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Pippa Tshabalala: Telling Death with Digital Killing

Juxtapoz // Thursday, 29 Oct 2009

“I write about art games and videogames,” she explains in her blog bio. “I also present two TV shows on Vuzu (DSTV) called PlayR (the South African version) and The Verge, both about videogames. I occasionally do live visuals for bands, as well as freelance design work and album art.”


Has the increased violence in commercoal videogames normalized death, killing, and violence? That's a fierce and ongoing debate, but Pippa has intelectualized her form of artistic expression in explaining her motivation behind this project:

“From the moment I ran my fingers over the keyboard of my first 286 computer at the age of eight, and booted up a game called Alley Cat, I have played computer games… Subsequently my fascination, some might even call it an obsession, with electronic games in all their manifestations has grown to epic proportions.

“My involvement in the digital arts and specifically my interest in gaming have also sent me down another road – the tactile interpretation of digital art and the sense of dislocation one experiences when viewing art through the physical barrier of the screen.” […]

“There are a number of themes that run through the body of work that I wish to grapple with. There is a major theme that deals with transference of identity and virtual death, but there are also a number of other sub-themes. The first of these is the exploration of self. The second but no less important is the idea of the trophy.

“Identity within a videogame is something flexible. The loss of identity through the process of transference onto an avatar is something that I am interested in fighting and in essence ‘regaining’ through different means. In 3D animation, there is an increasing trend to go towards ever more realistic looking characters, but in recent years a number of articles have been written on the grotesqueness of ‘real’ animated characters, some animators even claiming that working with characters that look too real becomes like puppeteering corpses. Whilst the process is not the same, in a similar manner, I wish to transfer my real identity into the game itself by converting characters to look like me, reasserting my individuality, and making the cartoon characters more ‘real’ and at the same time more grotesque.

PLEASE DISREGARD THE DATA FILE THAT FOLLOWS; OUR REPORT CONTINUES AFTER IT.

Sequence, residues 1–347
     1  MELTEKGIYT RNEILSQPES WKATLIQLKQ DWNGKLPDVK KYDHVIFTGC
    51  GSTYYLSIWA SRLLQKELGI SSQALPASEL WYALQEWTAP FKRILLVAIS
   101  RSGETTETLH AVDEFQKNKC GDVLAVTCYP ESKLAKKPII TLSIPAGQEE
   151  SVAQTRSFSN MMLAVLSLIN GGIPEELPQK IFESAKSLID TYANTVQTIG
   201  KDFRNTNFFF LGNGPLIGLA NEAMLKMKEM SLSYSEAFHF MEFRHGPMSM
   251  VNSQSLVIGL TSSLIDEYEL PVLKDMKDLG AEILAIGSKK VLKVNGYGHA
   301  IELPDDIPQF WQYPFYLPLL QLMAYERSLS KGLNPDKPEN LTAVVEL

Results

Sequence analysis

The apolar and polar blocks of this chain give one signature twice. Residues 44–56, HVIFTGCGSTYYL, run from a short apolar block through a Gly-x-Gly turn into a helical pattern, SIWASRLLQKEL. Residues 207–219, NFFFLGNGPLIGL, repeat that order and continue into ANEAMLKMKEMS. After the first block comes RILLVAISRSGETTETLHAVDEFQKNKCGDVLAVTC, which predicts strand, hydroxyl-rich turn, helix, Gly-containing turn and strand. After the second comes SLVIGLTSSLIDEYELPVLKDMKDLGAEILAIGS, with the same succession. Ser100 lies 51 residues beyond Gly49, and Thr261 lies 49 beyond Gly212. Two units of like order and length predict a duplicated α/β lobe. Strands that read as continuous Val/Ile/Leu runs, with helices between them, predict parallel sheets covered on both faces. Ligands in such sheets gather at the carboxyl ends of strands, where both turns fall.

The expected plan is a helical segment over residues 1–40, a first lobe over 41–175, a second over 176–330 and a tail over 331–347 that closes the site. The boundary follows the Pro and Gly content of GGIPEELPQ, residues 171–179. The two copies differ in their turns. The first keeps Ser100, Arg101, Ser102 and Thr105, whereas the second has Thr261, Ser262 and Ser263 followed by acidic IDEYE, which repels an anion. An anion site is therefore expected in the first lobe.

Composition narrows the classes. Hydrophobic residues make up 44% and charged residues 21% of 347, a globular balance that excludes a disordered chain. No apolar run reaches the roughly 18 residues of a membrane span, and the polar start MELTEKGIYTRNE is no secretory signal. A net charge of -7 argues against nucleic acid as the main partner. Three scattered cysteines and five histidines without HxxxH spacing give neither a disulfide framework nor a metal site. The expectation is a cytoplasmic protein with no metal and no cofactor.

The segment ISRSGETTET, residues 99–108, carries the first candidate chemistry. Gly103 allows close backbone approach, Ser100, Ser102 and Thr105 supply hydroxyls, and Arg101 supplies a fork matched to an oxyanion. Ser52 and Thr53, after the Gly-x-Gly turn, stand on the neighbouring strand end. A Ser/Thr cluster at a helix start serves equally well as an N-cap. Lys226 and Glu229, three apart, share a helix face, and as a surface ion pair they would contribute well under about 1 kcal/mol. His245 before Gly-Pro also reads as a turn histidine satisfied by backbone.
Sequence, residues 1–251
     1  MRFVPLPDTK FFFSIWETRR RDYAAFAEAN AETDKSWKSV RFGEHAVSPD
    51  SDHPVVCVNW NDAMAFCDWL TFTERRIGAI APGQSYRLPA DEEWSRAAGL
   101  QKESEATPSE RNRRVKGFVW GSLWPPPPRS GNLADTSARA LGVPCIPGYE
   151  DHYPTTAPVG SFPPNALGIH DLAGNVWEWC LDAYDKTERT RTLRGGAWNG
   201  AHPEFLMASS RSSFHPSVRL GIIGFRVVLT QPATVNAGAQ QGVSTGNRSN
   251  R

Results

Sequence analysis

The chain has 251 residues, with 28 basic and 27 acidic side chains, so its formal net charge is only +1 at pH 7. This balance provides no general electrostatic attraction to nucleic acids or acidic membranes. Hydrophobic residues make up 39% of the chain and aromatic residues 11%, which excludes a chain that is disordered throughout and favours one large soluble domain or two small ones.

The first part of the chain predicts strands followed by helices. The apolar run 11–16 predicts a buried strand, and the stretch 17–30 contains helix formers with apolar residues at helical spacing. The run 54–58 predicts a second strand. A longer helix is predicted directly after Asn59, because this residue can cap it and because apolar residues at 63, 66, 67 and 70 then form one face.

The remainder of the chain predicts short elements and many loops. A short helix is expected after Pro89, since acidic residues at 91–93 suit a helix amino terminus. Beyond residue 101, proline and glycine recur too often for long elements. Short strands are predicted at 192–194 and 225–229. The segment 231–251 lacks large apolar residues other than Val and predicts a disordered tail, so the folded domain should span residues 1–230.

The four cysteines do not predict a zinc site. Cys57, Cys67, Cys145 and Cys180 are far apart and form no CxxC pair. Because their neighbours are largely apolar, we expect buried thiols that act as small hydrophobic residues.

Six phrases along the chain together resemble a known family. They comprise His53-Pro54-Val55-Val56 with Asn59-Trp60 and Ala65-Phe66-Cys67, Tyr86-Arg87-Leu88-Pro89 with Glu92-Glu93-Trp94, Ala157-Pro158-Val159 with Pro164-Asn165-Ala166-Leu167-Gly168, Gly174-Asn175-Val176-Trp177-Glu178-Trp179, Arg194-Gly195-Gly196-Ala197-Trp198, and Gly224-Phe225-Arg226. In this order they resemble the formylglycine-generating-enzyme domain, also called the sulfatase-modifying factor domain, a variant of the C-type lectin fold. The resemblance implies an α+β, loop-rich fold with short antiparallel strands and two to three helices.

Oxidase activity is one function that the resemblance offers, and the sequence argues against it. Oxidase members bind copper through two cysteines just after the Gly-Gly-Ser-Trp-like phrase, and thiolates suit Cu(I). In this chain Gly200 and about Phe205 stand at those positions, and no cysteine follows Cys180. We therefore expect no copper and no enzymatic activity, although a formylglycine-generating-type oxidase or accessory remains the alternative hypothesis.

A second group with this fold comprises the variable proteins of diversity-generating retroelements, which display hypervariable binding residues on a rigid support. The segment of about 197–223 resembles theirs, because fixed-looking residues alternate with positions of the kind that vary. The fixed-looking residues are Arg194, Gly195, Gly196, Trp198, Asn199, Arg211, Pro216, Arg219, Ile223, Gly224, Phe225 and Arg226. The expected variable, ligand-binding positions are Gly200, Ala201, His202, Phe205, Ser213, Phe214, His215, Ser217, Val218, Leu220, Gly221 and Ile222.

“My work is fuelled not only by a desire to transfer the digital into the material, but also by a need to explore the more visceral nature of what is often referred to as ‘a time-wastage medium’. Videogames are no longer the realm of children and computer geeks that remain within the dark confines of their bedroom, lit only by the glow of the monitor – they have ventured into mainstream culture and thus need to be heard and understood as a medium reflective of society.

“And now comes the next step - telling your own version of their death. I want YOU to get involved in making something interesting and public by telling your own stories - stories of how these “people” died… Be creative, be weird, be out there, as long as you’re original - anything goes.


“How to…

1. Choose a photo.
2. Comment - Write a story about how the character died - include as many (or as few) details as you want.
3. Add your name to the end of the story (or if you want to remain anonymous, please just say so - you dont need to add your full name, and you can also go by a pseudonym - Interweb identity and all that jazz).

“I’ll try and upload new photos regularly so you can continue to comment and build up a bit of a story if you want to, that’s up to you - this is an experiment so I’m interested to see if it’s successful and how it plays out.”

Visit Telling Death at


Join Pippa Tshabalala's Facebook page at





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